The Google Weightloss Hack: How Google Tackled the “Tech-15” and How You Can Too

How Google nudged their employees to make better food choices and lose weight effortlessly

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Photo by Jennifer Burk on Unsplash
Photo by Brooke Lark on Unsplash

The path of least resistance

Nobel Prize-winning economist Richard Thaler coined the term “nudge” to describe an indirect means of influencing behavior toward a desired action. In other words, redesigning the environment in such a way that it subtly takes you down a path or guides you to a specific choice.

  • a Pop

“We put all the water bottles up and we found that Googlers consumed 47% more water when the bottles were right there and they could just grab it,” Kurkoski said.

Unpair snacking from daily routines

The average person drinks at least two cups of coffee per day and many drinks considerably more than that.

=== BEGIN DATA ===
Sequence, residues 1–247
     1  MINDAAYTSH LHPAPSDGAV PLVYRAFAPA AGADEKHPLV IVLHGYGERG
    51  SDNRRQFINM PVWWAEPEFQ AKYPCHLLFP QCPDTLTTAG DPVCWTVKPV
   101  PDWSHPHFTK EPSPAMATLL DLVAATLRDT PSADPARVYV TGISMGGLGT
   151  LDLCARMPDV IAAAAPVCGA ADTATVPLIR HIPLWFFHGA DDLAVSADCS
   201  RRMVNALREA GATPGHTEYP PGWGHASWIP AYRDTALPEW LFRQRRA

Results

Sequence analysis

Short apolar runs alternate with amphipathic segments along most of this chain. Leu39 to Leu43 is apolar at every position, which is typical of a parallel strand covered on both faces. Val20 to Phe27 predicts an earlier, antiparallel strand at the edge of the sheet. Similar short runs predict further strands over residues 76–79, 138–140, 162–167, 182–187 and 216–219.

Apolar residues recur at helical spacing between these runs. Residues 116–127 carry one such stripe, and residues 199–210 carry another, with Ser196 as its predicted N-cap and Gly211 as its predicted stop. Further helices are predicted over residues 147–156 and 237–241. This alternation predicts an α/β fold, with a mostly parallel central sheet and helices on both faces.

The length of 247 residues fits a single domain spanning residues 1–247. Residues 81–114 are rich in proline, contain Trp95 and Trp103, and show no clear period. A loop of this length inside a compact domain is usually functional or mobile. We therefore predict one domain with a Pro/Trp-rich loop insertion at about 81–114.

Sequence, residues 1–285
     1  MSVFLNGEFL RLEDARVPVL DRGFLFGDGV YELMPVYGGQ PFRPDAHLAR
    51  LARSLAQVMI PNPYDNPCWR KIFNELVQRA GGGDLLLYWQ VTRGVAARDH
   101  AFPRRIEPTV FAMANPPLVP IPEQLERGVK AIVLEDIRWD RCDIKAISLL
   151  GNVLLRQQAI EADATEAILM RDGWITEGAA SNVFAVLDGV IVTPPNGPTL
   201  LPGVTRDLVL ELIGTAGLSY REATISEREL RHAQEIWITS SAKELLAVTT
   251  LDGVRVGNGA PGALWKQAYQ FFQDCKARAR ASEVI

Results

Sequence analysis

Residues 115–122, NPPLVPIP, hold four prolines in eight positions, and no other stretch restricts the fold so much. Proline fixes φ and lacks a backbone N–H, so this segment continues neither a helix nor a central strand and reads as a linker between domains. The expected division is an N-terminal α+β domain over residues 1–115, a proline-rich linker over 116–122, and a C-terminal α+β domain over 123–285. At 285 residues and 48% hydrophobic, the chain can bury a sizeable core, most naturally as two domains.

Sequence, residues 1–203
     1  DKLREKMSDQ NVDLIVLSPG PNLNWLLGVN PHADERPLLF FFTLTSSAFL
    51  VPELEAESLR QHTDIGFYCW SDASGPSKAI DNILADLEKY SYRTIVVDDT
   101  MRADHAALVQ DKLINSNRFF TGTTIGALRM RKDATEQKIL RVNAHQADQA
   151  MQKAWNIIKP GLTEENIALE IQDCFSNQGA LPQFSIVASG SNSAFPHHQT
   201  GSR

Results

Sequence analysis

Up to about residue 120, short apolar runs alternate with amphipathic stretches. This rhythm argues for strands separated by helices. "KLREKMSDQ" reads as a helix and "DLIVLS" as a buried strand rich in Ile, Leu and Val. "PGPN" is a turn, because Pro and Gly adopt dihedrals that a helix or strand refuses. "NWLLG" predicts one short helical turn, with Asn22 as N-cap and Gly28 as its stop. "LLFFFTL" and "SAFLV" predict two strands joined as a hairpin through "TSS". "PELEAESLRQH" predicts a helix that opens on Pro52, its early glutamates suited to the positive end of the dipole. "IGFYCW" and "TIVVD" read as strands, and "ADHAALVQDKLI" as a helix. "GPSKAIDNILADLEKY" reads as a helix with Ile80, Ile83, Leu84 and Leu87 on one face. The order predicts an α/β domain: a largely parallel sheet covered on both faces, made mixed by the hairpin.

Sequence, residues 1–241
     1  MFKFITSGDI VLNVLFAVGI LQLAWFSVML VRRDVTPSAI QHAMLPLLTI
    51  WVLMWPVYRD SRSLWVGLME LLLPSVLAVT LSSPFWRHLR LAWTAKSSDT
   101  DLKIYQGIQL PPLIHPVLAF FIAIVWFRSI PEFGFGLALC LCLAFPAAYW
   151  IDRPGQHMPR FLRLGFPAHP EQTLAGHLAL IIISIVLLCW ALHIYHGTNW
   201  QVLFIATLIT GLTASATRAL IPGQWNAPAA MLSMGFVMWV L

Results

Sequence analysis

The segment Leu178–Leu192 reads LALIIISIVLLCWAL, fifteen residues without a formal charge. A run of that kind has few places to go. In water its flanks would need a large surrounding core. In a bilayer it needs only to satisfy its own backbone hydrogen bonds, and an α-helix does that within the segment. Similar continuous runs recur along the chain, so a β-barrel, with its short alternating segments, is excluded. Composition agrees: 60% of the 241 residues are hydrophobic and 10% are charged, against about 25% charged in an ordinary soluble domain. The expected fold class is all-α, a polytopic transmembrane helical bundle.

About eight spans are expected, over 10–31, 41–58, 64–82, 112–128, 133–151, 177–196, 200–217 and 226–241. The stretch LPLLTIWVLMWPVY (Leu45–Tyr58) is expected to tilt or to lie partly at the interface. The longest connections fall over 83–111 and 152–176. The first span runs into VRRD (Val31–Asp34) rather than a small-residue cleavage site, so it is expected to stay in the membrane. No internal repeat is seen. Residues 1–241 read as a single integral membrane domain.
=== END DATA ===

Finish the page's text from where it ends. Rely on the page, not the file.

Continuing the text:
Out of sight out of mind

The abundant candy and chocolate at Google used to be available in clear candy store esque, free-flowing containers showcasing all different types of fun and colorful candy options. As you can imagine Google employees were known to eat a lot of candy, which is particularly problematic when you consider how particularly calorie-dense candy is.

Highlight the Healthy

Google cafes and kitchens have been restructured using the principles of convenience and resistance to highlight the healthiest choices.

Visual Cues

Google also made it easier for their employees to be mindful of the quality of the food presented.

Smaller portions across the board

Plates and take-out containers were swapped out for smaller sizes to “nudge” smaller portions. This was further encouraged by a posted sign that read, “People who take big plates tend to eat more.”

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